It may come as a shock but most flats, apartments, maisonettes or any property that makes up part of a building will be freehold and therefore be liable for annual fees to the freeholder or landlord of the building.
To get a better understanding of what a freehold property is you have a read of our article on the difference between leasehold and freehold but in short, properties that come as a part of a larger building such as a flat are generally leasehold which means you may own the flat but the freeholder owns the land, building and communal areas that come with it.
The freeholder is ultimately responsible for the building, communal areas and land that your flat is on. This means they need to maintain any communal areas such as the garden, driveway or even the roof. Should there be any work needing doing, they will have to organise it and (usually) pay for it.
Since there is a freeholder that owns and maintains and pays buildings insurance for all these parts that are integral to your flat you will need to pay them fees as you might now expect. This is known as service charge and usually comes as an annual fixed fee.
This is probably a shock but you most likely will have to pay your freeholder ground rent too just for having a flat on their land. They own land and building, you have effectively "leased" the use of a flat on their property therefore you must pay them rent that should be mentioned in that lease.
Notice I have said "usually" a lot? Really, these costs are down to each individual leasehold property so you must check the lease before buying. You would be crazy not to do so of course as you could be buying into an extortionate set of rates - as well as other strange restrictions. To save the irritation of finding high rent and service charges late in the transaction make sure you ask the seller or estate agent about these fees before progressing with a sale.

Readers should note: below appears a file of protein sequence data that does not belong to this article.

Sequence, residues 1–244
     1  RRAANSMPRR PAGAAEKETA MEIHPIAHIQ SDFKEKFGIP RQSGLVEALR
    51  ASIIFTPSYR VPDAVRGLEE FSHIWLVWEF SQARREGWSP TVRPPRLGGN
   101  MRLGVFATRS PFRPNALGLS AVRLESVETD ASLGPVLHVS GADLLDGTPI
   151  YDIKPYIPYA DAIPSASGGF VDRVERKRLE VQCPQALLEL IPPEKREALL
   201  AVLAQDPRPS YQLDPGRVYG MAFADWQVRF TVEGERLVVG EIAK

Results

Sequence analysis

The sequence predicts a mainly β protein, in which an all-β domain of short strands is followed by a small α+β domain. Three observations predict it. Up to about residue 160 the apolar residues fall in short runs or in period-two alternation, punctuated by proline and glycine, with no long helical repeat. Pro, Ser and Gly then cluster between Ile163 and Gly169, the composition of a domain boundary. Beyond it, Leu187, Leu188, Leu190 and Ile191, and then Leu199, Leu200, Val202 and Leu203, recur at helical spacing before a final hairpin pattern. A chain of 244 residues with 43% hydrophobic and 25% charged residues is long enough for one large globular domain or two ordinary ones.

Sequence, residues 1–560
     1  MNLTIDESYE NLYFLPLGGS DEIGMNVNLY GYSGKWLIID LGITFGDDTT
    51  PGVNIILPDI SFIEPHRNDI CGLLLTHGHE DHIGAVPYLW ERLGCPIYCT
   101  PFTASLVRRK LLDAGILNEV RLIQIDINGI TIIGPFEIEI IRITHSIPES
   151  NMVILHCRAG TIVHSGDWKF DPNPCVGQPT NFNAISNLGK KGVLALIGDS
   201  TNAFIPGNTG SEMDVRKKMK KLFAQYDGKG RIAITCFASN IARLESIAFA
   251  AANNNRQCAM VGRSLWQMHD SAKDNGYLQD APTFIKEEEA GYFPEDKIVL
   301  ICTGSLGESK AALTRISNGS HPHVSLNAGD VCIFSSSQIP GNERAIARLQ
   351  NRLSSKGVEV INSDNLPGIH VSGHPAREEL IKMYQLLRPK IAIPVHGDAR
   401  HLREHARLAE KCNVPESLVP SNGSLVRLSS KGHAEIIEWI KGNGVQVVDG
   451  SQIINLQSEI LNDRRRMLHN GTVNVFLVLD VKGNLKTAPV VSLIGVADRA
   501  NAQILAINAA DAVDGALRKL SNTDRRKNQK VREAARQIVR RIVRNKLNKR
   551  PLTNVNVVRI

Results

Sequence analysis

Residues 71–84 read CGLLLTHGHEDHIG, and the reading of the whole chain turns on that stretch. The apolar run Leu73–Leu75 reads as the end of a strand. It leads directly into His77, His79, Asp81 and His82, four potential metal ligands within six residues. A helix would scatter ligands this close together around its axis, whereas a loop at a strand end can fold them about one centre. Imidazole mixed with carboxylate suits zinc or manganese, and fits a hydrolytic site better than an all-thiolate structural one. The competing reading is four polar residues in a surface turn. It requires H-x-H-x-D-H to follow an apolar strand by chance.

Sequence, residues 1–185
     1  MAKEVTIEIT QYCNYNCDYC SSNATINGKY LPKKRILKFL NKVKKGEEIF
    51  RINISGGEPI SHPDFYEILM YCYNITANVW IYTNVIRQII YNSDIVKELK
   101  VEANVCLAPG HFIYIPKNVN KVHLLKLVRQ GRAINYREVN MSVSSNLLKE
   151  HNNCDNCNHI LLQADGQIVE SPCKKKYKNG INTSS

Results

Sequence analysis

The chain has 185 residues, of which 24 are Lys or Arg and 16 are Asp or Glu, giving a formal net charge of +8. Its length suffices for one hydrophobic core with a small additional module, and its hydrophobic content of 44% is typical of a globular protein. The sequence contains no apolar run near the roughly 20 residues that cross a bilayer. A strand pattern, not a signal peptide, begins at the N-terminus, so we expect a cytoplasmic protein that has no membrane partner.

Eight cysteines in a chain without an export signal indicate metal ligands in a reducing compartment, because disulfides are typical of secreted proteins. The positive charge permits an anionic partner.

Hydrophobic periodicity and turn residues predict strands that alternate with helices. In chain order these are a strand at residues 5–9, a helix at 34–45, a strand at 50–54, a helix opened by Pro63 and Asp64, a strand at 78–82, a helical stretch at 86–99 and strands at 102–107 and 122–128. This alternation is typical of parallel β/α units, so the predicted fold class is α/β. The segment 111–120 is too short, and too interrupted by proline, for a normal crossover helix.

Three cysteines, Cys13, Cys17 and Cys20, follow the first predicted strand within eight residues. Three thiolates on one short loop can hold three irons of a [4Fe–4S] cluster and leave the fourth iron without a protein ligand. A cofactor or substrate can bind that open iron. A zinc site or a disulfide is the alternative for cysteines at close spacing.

Most of the time you will be expected to pay ground rent and this should be detailed in the lease. Sometimes it will not be mentioned or prices detailed in which case it may just be a part of the service charge. The service charge is usually the biggest charge and will cover all maintenance to the building and the cost of insuring the building. Sometimes, maintenance costs will come as and when, e.g. you do not pay service charge unless there is a need for a new roof in which case the cost will be split between leaseholders.
There can sometimes be a trap in the service charges. Examples are of the freeholder not necessarily getting the best deal for buildings insurance such as getting an expensive one that pays them great commission or a having maintenance work carried out by a friend that will charge double in exchange for a kick back knowing that you will be paying for the expensive work anyway.
Check with the agent, seller or even freeholder to get as good an idea of the service charges as possible. Maybe even speak to other flat owners in the same block for an unbiased answer.
Ground rent is usually the smallest charge and you can expect an annual charge of around £100-£250. It is the service charge you need to look out for which can cost up to an annual fee of £1000 for even relatively normal flats. It can depend on the property too, if there is a small number of flats with beautiful communal gardens including a tennis court expect the service charge to be a lot higher!
It may seems like this is terrible and a cause to back out of a buy but it isn't really. If you are looking to buy a flat over a house then leasehold is a reality that comes with it. On the upside leasehold properties are usually significantly cheaper than freehold and since you are now aware of the costs that come with leasehold properties you can plan for them by putting aside some money each month for your annual charge.